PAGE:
MELBOURNE, May 14 (Reuters) - Australia's bid for the 2018 and 2022 World Cups has exposed the frailty of football's foothold in the country's saturated sports market, where more powerful football codes remain fiercely protective of their fans, broadcast minutes and talent.
While backed to the hilt by the federal government, the bid has proved controversial, its preparation clouded by bitter wrangling over scheduling and compensation for the dominant codes whose competitions would stand to face major disruptions.
A government-brokered deal fixing a formula for compensation was struck at the eleventh hour this week, allowing Australia to hand its bid book to FIFA by the deadline on Friday with a semblance of cooperation.
However, the Memorandum of Understanding merely papers over the cracks, and allows the rival codes to schedule matches in direct competition with the tournament, opening up the embarrassing possibility of half-empty stadiums as local fans vote with their feet.
"Not negotiable for us, if you wanted to articulate it as a deal-breaker, was that we had to have the ability for our season to play through," Gillon McLachlan, chief operating officer of the Australian Football League (AFL), told Reuters.
"We couldn't just switch off our season for 10 weeks."
The AFL, custodians of the popular indigenous game Australian Rules, along with the National Rugby League and Australian Rugby Union, have agreed to vacate key stadia for up to 10 weeks should the bid be successful.
Their asking price could amount to hundreds of millions of dollars in compensation from World Cup tournament organisers and the government, with the AFL alone claiming up to 90 of their season's games would be affected.
Despite the MOU, the acrimony that played out in the media in the lead-up to the bid's submission has prompted hand-wringing from supporters.
"It would be very unusual for FIFA to be hearing criticism of a World Cup coming to a country which seems hesitant of holding it," Gary van Egmond, men's head football coach at the elite Australian Institute of Sport, told Reuters.
"That would never happen in Europe and most other places in the world."
Football Federation Australia (FFA), football's governing body and architect of the bid, declined to be interviewed, but has shrugged off the attention.
"We have the unified support of the nation behind our bid and we are ready to host the biggest sporting event in the world," FFA chairman Frank Lowy said in a statement earlier this week.
Australia is competing for both World Cups with England, Russia, the United States, Japan and joint bids from the Netherlands/Belgium and Spain/Portugal. Qatar and South Korea, who co-hosted 2002 with Japan, are bidding for 2022.
Grand ambitions on the global stage stand in contrast to troubles on the home front, where the country's domestic soccer competition remains awash in red ink.
The A-League, launched in 2005 with government funding after its predecessor the National Soccer League collapsed under financial strain, is ranked last in local football's pecking order, behind Australian Rules, rugby league and rugby union.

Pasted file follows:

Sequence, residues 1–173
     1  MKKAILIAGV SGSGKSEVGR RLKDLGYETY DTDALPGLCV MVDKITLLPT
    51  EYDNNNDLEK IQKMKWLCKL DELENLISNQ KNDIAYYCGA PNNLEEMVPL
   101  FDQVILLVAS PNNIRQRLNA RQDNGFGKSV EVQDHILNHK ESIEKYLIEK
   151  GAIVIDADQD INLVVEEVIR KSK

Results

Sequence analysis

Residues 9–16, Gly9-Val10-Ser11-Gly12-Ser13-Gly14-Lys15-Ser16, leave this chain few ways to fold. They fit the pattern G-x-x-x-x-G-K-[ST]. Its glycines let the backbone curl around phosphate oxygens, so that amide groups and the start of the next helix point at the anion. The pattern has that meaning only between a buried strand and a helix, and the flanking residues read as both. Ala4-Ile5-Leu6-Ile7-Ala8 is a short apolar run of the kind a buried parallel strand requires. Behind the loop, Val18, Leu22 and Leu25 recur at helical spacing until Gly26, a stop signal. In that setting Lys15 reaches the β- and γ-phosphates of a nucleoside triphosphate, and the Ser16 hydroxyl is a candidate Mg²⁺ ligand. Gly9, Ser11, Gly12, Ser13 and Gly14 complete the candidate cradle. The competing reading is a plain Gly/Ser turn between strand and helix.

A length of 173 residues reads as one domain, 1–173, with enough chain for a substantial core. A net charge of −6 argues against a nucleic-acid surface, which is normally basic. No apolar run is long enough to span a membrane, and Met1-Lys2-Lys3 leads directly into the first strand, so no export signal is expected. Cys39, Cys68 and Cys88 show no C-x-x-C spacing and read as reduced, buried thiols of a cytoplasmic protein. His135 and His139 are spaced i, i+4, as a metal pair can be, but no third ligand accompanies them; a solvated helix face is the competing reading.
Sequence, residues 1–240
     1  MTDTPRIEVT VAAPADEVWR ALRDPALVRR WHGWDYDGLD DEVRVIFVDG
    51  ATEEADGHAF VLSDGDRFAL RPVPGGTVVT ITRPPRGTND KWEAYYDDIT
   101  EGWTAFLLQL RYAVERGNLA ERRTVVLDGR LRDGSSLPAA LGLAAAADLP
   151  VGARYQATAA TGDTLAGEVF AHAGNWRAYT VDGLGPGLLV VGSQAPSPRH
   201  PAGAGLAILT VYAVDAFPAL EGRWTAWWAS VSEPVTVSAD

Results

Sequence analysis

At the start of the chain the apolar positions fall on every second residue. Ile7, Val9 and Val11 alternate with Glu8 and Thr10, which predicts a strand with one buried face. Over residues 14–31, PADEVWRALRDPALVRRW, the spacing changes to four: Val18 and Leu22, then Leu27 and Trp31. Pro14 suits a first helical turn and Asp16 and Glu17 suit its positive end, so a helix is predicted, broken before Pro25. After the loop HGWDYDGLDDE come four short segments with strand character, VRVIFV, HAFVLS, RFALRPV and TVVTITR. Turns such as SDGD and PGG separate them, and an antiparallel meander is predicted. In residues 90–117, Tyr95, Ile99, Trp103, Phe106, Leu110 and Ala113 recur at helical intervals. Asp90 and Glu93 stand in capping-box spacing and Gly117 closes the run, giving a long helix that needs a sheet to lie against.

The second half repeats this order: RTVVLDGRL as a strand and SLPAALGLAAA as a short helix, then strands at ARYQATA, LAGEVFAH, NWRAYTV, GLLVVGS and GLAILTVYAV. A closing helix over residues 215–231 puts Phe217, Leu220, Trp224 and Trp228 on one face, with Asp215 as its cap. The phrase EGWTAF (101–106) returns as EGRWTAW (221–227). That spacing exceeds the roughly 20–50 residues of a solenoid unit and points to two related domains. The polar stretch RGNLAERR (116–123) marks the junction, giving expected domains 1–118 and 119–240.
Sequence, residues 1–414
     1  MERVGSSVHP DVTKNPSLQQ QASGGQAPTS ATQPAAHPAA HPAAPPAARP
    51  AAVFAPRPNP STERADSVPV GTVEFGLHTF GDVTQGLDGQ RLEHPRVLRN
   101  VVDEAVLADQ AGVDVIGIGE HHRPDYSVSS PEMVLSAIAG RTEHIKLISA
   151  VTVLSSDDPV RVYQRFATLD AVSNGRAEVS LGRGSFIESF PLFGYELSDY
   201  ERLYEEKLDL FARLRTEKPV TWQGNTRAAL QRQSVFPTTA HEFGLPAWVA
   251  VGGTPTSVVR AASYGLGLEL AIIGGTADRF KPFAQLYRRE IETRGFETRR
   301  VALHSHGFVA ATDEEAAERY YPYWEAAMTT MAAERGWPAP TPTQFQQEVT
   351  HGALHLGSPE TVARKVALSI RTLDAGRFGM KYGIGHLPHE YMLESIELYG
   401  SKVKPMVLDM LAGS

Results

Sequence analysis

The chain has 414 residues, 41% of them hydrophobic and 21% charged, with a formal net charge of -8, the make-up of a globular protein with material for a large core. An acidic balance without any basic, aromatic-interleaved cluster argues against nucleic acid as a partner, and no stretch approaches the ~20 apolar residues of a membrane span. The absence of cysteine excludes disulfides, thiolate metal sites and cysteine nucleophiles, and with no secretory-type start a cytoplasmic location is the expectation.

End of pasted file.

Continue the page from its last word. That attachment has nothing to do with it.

A number of clubs in the 11-team competition remain on life support and the FFA had to bail out new franchise North Queensland Fury earlier this year after their owner walked away from the club after losing millions.
"It's actually really hard to establish a sport and a league, especially in a highly competitive environment such as Australia," David Rowe, a sports and media researcher at the University of Western Sydney, said.
Rowe cited the case of Australia's domestic basketball league, which appeared a bright prospect in the 1990s, but now struggles to keep teams afloat.
"It was going to wipe every sport off the face off the planet. And that didn't happen," Rowe added.
"In terms of long-term prospects, soccer has the best prospects of any code of football in Australia but obviously it's got a number of obstacles."
"Obviously the other codes aren't going to lie down and just be run over."
Despite football's uphill battle for respect and market share in Australia, the country's proven track record as a capable event manager lies in its favour, according to bid-watchers.
"Australia's very experienced and has a very high reputation in terms of hosting major events," said prominent football pundit Les Murray, who is on the board of FIFA's ethics committee.
"The Sydney Olympic Games remains the benchmark in terms of the organisation."
Australia's location also positions it in football's biggest growth area for fans and television audiences, Murray added. "Four of the top 10 countries ranked in terms of television audiences at the last World Cup were from Asia, only two were from Europe," he said.
Australia's internal dramas preparing the bid could, in any event, easily be cancelled out by smooth diplomacy, researcher Rowe said, a skill in which Australians had proven more than adept when bidding for the Sydney Olympics.
"The bid that prevails will be the one that balances the contending forces within FIFA and its member countries," he said.
Winning 2018 against the momentum heading in Europe's direction might be beyond Australia's lobbying skills, but 2022 would be a wide open field for the politically savvy.
"This is why of course the federal government has plied so much money, given it's going to take an awful lot of diplomacy, a lot of glad-handing and a lot of stroking people."comments